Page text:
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Author: Conor Heffernan

All a Load of Pants? Posing Trunks in Male Bodybuilding Part One

At first glance posing trunks seem an odd subject for historical enquiry. Bodybuilding as a sport is almost entirely devoid of clothing leading one undoubtedly to wonder just what can be gained from studying the miserly cloth that remains. The answer, somewhat surprisingly, is quite a lot. Following a revived interest in bodily development at the dawn of the nineteenth-century, fitness promoters and competitors have sought new ways to display the superiority of their physiques, messages or training systems. Far from an isolated activity such approaches were informed by the societal messages, boundaries and ideals of their day, a...

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All a Load of Pants? Posing Trunks in Male Bodybuilding Part Two

Having discussed the precursors to bodybuilding trunks in part one of this series, this post will now delve in to the sport of bodybuilding outright. Beginning with the competitions of the early 1900s, it tracks the evolution of the posing trunks right up to the current day. A story of muscle, extreme dieting and of course, anabolic steroids. Bodybuilding as Competition Though private bodybuilding shows had been held in England, France and further afield in the early 1890s, it was not until the dawn of the twentieth century that the bodybuilding or physical culture competition as a public spectacle...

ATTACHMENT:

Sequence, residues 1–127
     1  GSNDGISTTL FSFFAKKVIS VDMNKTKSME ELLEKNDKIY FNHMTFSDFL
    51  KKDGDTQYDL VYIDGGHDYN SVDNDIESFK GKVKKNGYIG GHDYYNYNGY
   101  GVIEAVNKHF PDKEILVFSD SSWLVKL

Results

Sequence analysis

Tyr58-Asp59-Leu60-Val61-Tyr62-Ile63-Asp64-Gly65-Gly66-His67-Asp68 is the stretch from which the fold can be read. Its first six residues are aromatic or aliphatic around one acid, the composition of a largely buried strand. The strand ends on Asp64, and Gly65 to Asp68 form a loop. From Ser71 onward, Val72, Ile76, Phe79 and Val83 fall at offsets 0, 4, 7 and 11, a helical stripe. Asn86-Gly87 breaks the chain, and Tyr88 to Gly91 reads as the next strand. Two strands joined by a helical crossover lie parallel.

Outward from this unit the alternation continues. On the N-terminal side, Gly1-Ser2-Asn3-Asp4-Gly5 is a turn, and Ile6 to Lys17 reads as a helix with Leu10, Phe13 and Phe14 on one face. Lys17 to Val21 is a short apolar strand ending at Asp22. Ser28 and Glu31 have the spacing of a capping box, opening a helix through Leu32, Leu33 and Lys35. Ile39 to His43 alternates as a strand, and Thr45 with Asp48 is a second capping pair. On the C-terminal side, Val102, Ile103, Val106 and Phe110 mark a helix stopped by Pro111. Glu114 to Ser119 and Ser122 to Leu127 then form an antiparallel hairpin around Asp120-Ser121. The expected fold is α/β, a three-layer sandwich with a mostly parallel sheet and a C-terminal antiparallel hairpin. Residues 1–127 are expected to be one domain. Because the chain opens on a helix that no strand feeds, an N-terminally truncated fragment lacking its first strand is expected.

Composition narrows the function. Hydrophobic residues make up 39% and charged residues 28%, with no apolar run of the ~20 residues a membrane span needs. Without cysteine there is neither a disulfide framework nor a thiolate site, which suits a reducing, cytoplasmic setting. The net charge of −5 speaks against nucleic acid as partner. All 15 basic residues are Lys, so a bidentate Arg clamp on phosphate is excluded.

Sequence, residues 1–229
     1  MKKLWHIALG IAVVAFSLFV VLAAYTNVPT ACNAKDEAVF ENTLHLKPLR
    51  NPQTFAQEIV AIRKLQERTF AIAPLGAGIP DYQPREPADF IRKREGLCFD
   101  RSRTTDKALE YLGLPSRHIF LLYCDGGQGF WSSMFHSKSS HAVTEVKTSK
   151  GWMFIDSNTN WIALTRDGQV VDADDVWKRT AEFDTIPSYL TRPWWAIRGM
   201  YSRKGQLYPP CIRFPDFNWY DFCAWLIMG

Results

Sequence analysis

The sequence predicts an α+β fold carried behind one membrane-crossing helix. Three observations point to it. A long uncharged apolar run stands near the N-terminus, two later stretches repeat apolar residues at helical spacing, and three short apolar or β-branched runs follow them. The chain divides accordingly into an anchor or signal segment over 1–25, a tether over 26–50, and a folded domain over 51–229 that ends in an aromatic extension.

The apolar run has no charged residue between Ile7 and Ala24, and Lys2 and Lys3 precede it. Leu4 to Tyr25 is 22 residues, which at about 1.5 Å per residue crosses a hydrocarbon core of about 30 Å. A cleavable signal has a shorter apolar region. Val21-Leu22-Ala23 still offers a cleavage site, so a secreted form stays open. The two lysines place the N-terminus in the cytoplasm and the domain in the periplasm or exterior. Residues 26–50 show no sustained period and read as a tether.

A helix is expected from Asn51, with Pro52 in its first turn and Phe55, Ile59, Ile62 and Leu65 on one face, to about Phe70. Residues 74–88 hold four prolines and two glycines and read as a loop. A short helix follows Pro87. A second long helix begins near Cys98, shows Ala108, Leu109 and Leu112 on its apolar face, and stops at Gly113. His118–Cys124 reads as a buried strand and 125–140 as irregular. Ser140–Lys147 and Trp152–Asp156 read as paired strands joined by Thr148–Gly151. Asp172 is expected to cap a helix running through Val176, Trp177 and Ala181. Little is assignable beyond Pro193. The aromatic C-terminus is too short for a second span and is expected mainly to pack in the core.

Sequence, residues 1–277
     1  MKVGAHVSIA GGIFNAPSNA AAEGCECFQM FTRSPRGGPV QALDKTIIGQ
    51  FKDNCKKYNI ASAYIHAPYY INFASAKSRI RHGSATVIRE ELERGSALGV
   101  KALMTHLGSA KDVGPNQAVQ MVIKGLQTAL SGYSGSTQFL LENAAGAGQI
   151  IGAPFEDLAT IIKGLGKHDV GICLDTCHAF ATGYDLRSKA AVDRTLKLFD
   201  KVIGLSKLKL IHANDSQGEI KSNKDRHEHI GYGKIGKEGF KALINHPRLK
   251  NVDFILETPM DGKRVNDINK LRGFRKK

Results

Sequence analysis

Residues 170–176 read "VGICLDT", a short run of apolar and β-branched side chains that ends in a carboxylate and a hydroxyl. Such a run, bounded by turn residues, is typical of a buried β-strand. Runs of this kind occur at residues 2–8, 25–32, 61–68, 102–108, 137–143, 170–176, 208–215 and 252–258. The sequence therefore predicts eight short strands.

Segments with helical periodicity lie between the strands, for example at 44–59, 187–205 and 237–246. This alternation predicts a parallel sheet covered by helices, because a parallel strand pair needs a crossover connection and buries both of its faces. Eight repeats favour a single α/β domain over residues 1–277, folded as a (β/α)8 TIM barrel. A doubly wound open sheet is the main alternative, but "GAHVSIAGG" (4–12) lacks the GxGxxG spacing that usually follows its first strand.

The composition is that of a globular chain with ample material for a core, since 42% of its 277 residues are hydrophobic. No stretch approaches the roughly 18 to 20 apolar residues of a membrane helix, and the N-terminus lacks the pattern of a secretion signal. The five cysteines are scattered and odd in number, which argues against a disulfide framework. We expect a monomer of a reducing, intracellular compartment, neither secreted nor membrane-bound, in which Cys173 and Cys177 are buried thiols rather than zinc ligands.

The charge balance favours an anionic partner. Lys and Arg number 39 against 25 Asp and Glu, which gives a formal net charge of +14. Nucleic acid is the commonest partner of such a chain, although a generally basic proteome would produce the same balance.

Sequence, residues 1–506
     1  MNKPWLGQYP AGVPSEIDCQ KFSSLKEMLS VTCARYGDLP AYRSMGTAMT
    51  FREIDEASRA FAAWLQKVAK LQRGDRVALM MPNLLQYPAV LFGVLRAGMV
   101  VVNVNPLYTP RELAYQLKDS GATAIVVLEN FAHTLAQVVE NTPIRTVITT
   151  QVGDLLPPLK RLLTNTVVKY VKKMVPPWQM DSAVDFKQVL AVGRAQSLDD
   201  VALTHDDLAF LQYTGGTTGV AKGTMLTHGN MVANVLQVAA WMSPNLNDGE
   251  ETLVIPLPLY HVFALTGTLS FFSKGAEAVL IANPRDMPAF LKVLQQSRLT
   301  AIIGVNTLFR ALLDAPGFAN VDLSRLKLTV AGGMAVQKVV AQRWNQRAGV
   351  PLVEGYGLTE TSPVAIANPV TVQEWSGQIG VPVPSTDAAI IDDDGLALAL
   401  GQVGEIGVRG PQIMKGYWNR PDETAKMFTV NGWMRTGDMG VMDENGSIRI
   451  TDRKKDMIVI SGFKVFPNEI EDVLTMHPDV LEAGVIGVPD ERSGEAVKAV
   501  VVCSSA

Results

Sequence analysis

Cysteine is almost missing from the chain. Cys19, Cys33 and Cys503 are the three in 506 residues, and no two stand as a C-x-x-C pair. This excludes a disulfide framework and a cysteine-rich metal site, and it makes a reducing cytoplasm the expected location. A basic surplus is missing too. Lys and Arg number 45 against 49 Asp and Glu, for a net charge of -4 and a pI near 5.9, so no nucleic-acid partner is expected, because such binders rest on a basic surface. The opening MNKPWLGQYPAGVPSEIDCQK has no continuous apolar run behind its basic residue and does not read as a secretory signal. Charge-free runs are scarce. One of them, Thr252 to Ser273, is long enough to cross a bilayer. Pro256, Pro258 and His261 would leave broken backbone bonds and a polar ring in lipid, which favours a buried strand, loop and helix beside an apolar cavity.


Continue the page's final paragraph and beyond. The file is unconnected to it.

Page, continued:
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‘Welcome to Third World Britain’: Sven-Göran Eriksson and the Death of British Football?

Sven-Göran Eriksson   Intro: One of the favoured and oftquoted lines from English historian Eric Hobsbawm is that ‘the imagined community of millions seems more real as a team of eleven named people.’ Aside from encouraging a generation of sporting historians to continue their endeavours, this quote has particular salience when it comes to issues of nationhood, identity and unfortunately, exclusion. Building on Hobsbawm’s somewhat curt observation, the following post details a seminal moment in the history of English football. That is, the appointment of Sven-Göran Eriksson as England’s first foreign football manager in 2001. Coming at a time...

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From Bloom to Battle: Tracing Ireland’s Early Physical Culture Movement

On May 6th 1898, Eugen Sandow, the man whom many credit as the father of the Physical Culture movement, opened his first show in Ireland for over five years. When Sandow briefly performed in Ireland in 1893 he had been met with moderate support from pockets of Irish fans. When he came back in 1898 he was treated like the celebrity he had become. This time the public was eager to learn and the situation ripe for profit. An Opening Night Success   Empire Palace Theatre, The Freemans Journal, 02 May (1898), 6   Reports from the Irish Times...

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Weight training in English Football: An Early Experiment

In May 2016, the BBC featured a story on the science behind Leicester City’s historic premier league victory that season. Somewhat clinically, the article examined how the combination of explosive sprinting, weight training and good old-fashioned fun had coalesced into one of the greatest stories of top-flight English football. While the BBC article took the issue of weight training for granted, history shows that football has been remarkably slow in embracing the weights room. Indeed, trawling through the footballing annals suggests that it wasn’t until the 1950s that football teams truly began to experiment with strength training. Today’s post,...

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